READ ALSO: Things to do in Chicago with Teens

The Quinceañera celebration traditionally begins with the religious ceremony. We’ve already booked our mass and priest for next year. Before anything else happens, the quince girl attends a special Mass in which she reaffirms her dedication to God and receives a blessing from the priest. The Quinceañera will also leave a bouquet of flowers at the altar of the Virgin Mary to symbolize her purity. As a symbol of her transition from childhood to becoming a woman, a quince girl gives away a porcelain doll (ultima muñeca) to a younger sister.

How to begin planning your quinceanera

A reception is held following the mass at home or a banquet hall. We reserved our hall in December, well over a year in advance. The celebration includes food, music, the quinceañera dress and most often, a choreographed waltz and baile sorpresa (surprise dance) performed by the Quinceañera and her Court de honor (honor court).

What is a quinceañera honor court?

Quinceañera custom calls for 14 damas, or maiden attendants, to accompany the quince girl and symbolize the past 14 years of her life. And a group of young ladies needs a corresponding group of escorts, which means the quince girl must also select 15 chambelans, or male attendants. Less formal quinceañera celebrations typically use 7 or 4 damas and chambelans.

At the reception is where the quince girl is officially presented to guests. She can pick a quinceañera theme of her choice. I’ve seen everything from Disney princesses to Great Gatsby. Similar to cotillion and debutante traditions, quinceañeras serve as a young Latina’s official entrance into society and womanhood and incorporate a host of unique elements and rituals that celebrate a young woman’s coming of age as well as her Latino heritage.

One of the final rituals of a quinceañera, and most sentimental, is the changing of the quince girl’s shoes. After the party is in full swing, the quince girl’s father will remove the flat-soled slippers his daughter wore to the party and replace them with a pair of heels. This symbolizes that the 15-year-old girl who arrived at the quinceañera will leave a young woman. This pays cultural homage to coming out ceremonies orchestrated by Aztec high priests in the early 1500s.

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Aztec Indians considered young girls marriage-ready at the age of 15. As a result, ceremonial rites of passage including parental speeches begging their daughters to become wise, upstanding women. When the Spanish invaded modern-day Mexico and overthrew the Aztecs in the 1520s, they brought their European influence to the indigenous people. The upper-class debutante aspects of quinceañera emerged as a result.

Today, there were certain privileges associated with the quinceañera. Being that it is a celebration of her transition into womanhood, the quinceañera might be allowed to attend adult parties, pluck her eyebrows and shave her legs, wear makeup, jewelry and high heels and maybe even start dating. Whoah! We will have to wait and see about this “dating” business. I mean, she’s still my baby.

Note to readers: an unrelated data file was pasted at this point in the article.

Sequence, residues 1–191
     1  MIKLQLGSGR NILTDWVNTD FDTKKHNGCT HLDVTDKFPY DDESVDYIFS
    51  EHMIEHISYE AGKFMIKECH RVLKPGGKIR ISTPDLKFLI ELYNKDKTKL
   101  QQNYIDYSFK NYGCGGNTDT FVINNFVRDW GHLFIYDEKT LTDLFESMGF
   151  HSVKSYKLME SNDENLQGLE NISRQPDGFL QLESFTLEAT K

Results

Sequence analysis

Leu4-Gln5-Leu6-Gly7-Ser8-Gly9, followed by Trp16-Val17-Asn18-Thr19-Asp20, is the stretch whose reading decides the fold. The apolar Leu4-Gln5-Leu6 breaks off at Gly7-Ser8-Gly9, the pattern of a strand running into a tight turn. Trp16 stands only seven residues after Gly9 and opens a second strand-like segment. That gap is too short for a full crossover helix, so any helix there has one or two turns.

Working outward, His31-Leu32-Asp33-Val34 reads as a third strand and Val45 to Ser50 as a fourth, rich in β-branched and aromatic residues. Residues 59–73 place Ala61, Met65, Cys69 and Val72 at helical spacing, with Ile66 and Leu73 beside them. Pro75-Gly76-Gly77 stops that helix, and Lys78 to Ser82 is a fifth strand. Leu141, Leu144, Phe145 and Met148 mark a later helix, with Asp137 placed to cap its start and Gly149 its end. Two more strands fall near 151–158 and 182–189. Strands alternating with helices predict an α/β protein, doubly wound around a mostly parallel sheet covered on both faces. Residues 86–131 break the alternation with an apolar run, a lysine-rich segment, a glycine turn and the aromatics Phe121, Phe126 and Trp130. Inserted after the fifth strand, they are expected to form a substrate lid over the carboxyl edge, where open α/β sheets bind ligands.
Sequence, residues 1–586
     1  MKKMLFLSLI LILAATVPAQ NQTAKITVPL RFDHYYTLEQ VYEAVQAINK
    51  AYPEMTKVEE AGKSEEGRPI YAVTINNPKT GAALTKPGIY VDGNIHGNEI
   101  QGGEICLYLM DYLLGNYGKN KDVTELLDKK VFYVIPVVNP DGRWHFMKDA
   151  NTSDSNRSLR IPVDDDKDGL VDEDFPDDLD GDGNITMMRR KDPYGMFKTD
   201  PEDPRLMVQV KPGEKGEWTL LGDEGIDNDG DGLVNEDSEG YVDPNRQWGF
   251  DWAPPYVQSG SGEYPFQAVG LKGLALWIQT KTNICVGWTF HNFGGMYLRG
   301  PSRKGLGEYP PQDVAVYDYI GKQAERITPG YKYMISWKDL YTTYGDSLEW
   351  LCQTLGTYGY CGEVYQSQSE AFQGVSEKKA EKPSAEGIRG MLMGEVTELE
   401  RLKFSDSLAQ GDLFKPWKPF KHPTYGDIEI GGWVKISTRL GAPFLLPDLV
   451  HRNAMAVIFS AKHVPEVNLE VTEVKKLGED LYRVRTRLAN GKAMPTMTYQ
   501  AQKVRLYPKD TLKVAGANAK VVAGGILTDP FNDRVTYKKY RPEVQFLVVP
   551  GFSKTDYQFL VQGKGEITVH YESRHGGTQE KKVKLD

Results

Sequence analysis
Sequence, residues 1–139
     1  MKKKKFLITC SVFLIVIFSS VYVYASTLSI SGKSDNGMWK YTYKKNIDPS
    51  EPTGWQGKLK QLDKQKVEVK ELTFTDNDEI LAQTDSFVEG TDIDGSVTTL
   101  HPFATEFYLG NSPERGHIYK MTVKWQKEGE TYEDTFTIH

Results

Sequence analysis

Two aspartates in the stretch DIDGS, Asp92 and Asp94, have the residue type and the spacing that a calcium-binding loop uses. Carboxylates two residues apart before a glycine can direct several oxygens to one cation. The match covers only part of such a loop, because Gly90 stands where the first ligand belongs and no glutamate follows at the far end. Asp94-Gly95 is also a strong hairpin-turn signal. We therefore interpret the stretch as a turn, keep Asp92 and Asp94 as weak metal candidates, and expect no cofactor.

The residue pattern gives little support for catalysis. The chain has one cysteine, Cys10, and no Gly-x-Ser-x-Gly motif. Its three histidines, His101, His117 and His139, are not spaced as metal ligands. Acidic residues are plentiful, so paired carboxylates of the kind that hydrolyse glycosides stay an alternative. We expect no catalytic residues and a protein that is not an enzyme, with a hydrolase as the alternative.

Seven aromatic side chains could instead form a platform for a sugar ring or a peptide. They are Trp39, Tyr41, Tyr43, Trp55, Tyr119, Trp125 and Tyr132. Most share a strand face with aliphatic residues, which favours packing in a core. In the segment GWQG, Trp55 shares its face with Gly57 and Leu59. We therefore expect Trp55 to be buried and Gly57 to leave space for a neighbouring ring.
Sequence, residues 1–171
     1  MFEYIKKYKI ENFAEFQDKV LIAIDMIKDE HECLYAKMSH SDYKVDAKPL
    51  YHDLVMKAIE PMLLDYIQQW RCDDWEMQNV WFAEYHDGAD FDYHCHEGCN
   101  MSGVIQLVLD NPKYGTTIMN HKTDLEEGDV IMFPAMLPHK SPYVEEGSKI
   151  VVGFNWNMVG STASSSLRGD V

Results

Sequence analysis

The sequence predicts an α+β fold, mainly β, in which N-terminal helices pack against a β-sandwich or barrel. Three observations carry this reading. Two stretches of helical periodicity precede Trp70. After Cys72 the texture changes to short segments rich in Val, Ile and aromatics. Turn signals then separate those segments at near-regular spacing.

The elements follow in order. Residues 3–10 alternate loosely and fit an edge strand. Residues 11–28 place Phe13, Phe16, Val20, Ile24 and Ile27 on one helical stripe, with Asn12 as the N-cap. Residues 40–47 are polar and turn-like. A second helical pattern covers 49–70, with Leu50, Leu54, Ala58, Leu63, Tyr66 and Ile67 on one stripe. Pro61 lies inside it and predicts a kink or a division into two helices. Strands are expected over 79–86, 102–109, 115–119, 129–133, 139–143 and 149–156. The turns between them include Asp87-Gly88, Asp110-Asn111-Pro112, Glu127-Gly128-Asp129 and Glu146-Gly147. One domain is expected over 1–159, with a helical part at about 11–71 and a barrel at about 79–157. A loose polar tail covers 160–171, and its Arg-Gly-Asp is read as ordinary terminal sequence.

Quinceañera Traditions

From surrendering the last doll (ultima muñeca) during the Catholic mass to the shoe ceremony before the final father-daughter dance afterward, the quinceañera is full of symbolic gestures and gifts. Unlike the ordinary birthday parties that the quince girl might’ve enjoyed for the first 14 years of her life, her quinceañera party officially marks her coming of age and therefore, requires appropriate gifts and apparel to carry her through that transition.

The quinceañera itself is the present for the birthday girl from her parents. Sometimes, parents may give their daughter a regálo sorpresa, or surprise gift. However, the emphasis of traditional quinceañera presents, including the prayer book, rosary and Bible needed for Mass, is on what the quince girl will wear and carry to her ceremony. These gifts may be given by a combination of grandparents (known as padrinos), other relatives and friends, and each of them carries a special meaning:

Traditional  Quinceañera Gifts

  • Quinceañera dresses represent femininity.

  • Quinceañera rings represent a girl’s bond to God, family and her community.

  • Quinceañera crowns and tiaras represent her superior morality.

  • Quinceañera cross necklaces emphasize a girl’s devotion to the Catholic Church.

Considering everything that goes into planning for your quinceañera, it’s understandable that they only happen once in a Latina girl’s lifetime. Though the rite of passage may vary slightly from country to country, the heart of the quinceañera remains constant. Whether it’s lavish or low-key, these extraordinary parties allow young girls to become fairytale princesses for one day on their way to becoming grown women and embracing all the responsibilities and duties that come with it.

We’ve just begun planning my daughter’s quinceañera but we’ll be sharing it all here and hope that you’ll join us on this exciting journey and celebration from little girl to young lady. We’ll be sharing everything we learn along the way and all things quinceañera.